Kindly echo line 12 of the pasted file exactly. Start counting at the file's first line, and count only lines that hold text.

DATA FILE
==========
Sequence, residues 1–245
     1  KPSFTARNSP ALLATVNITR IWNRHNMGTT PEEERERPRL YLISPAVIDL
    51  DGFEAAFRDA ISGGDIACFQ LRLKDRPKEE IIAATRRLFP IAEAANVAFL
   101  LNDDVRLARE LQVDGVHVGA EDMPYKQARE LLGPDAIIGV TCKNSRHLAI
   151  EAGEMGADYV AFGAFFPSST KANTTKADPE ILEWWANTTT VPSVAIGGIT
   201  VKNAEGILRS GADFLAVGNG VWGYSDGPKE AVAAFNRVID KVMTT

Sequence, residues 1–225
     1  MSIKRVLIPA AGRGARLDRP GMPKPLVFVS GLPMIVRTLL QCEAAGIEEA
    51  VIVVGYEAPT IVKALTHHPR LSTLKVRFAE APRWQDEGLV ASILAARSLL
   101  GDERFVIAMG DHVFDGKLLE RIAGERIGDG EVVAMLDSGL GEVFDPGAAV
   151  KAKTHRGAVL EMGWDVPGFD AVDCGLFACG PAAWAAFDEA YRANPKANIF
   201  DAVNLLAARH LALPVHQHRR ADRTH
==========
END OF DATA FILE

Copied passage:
   201  DAVNLLAARH LALPVHQHRR ADRTH